With 25 years in travel with Orbitz and other companies, Erie-based CEO Melanie Meador joined Redeam after it raised a Series A round of funding in 2018. Whereas flights and hotels can be booked on a smartphone, the “things to do” industry has lagged, Meador says. “We’re essentially going through that same transition right now of taking the ‘things to do,’ or experiences, market and transitioning it from offline and manual to online and digitized.” 

With 250 integrations with companies like Disney and Ticketmaster, Redeam is “well on our way at this point,” Meador says. “I just closed a sizable fundraising round, and now we are growing exponentially and bringing on the resources we need to meet the demand we have in play.” 

Whether workers are remote or not, Meador says Colorado has a bright future as a hub for travel tech. The presence of Denver International Airport doesn’t hurt, but Silicon Valley has also lost its luster for many entrepreneurs.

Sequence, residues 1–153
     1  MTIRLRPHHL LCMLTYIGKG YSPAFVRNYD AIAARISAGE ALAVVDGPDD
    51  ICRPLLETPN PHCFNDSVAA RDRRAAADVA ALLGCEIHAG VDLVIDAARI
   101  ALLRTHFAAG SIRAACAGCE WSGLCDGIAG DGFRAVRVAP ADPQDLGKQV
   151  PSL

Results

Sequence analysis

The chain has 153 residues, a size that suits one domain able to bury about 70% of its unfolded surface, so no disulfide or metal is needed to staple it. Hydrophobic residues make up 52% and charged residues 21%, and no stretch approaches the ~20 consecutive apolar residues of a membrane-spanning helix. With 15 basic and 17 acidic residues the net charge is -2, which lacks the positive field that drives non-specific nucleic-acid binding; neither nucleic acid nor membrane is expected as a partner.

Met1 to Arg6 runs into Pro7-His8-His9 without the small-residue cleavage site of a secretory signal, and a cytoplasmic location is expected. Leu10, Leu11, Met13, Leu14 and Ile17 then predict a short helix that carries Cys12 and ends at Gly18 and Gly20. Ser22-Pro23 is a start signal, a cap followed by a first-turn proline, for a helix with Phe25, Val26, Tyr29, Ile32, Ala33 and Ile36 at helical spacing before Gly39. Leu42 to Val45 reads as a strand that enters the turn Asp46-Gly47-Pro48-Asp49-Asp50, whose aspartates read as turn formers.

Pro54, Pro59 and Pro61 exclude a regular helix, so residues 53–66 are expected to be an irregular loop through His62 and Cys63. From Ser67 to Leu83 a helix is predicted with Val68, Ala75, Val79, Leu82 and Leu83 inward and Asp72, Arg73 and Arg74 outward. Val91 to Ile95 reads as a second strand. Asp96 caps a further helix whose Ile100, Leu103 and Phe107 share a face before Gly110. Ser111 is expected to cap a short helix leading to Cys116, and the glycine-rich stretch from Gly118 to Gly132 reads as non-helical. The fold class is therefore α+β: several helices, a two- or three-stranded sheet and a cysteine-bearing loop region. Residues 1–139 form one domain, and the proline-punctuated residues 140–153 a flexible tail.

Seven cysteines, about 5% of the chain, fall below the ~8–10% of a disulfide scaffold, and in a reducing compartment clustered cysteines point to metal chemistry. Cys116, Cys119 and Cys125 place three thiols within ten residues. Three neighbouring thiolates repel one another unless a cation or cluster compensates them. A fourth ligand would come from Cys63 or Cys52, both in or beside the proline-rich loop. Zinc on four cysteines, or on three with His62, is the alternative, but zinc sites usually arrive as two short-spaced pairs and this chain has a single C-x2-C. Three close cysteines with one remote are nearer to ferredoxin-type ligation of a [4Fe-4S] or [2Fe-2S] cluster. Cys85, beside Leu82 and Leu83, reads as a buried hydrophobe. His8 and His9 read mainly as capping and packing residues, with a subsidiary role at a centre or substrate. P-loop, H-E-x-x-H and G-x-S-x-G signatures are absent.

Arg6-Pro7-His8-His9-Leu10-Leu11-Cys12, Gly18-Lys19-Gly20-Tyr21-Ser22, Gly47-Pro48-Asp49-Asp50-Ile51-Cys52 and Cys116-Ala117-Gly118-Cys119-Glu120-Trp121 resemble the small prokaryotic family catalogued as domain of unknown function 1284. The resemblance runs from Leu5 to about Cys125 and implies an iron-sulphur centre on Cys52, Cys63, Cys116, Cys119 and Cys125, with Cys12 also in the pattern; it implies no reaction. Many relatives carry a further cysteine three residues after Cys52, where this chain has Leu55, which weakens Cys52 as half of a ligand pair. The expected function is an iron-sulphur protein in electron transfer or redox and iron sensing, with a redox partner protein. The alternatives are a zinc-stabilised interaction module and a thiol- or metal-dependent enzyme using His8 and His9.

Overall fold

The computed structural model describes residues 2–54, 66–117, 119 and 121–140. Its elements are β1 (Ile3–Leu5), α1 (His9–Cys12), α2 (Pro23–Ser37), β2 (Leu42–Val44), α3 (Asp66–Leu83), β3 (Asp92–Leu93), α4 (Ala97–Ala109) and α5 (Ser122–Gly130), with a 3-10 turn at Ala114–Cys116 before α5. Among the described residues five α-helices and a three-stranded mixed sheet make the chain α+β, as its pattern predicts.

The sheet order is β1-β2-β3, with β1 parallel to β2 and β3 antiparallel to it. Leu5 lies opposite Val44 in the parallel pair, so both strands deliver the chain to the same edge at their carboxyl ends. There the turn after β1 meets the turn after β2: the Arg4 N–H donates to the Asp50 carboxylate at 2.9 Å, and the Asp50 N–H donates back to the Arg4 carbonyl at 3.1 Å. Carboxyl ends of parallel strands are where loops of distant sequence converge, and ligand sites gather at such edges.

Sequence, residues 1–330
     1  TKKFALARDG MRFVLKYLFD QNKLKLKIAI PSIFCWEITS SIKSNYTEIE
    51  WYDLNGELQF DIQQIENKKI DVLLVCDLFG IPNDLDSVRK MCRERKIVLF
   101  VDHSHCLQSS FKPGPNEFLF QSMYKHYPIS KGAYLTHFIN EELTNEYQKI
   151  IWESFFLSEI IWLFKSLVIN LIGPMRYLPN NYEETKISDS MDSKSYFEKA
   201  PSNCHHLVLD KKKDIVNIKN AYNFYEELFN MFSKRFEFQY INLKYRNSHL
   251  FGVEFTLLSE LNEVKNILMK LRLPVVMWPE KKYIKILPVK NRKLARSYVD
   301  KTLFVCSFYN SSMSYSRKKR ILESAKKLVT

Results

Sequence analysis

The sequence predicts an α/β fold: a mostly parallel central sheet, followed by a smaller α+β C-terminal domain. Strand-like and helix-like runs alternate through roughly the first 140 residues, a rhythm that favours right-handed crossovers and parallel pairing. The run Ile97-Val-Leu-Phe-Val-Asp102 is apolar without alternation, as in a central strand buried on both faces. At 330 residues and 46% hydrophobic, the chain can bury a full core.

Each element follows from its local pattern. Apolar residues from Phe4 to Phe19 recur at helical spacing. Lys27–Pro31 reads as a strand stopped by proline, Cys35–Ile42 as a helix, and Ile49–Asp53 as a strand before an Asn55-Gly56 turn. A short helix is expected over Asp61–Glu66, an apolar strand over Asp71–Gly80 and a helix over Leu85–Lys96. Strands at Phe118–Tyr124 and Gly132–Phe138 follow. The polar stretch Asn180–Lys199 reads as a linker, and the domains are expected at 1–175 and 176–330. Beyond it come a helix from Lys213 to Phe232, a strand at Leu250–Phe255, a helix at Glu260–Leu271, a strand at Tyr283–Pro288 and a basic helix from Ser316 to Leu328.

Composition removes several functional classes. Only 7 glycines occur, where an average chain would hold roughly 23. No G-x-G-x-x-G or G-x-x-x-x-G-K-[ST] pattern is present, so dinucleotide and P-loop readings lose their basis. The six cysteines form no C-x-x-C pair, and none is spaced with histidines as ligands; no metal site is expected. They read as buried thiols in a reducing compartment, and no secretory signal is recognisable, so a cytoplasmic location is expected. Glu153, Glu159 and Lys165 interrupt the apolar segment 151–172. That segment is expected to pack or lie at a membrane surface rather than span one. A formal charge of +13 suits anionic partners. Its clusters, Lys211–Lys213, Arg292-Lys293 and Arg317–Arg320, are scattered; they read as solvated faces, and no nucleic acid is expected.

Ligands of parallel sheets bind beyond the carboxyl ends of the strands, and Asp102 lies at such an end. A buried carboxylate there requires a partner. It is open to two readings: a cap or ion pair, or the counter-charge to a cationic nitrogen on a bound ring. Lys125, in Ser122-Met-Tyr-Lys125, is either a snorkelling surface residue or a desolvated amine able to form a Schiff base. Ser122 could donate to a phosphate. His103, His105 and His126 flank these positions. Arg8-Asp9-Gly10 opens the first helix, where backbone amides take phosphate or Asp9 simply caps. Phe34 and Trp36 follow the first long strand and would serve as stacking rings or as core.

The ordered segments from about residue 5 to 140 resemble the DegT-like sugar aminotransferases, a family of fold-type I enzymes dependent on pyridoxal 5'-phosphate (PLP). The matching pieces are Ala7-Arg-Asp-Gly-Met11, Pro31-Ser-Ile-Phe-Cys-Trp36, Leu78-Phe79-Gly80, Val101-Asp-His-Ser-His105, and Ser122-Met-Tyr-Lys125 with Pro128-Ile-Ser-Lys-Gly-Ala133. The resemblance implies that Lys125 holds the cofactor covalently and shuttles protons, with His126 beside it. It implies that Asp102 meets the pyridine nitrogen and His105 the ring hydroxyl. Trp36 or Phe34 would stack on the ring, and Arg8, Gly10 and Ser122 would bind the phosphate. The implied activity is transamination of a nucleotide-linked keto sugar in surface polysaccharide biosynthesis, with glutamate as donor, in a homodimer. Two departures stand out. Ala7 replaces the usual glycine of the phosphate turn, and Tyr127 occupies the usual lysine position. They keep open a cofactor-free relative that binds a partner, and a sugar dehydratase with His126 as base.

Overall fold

“I think that speaks well to Colorado for future tech growth,” she says. “California is very costly as far as cost of living, its political standpoint is a bit messy, and now in a post-COVID world where so much can happen in a remote environment, I think a lot of people have moved to Colorado, and that will continue to spur technical advancement.”

 

Eric Peterson headshotDenver-based writer Eric Peterson is the author of Frommer’s Colorado, Frommer’s Montana & Wyoming, Frommer’s Yellowstone & Grand Teton National Parks and the Ramble series of guidebooks, featuring first-person travelogues covering everything from atomic landmarks in New Mexico to celebrity gone wrong in Hollywood. Peterson has also recently written about backpacking in Yosemite, cross-country skiing in Yellowstone and downhill skiing in Colorado for such publications as Denver’s Westword and The New York Daily News. He can be reached at [email protected]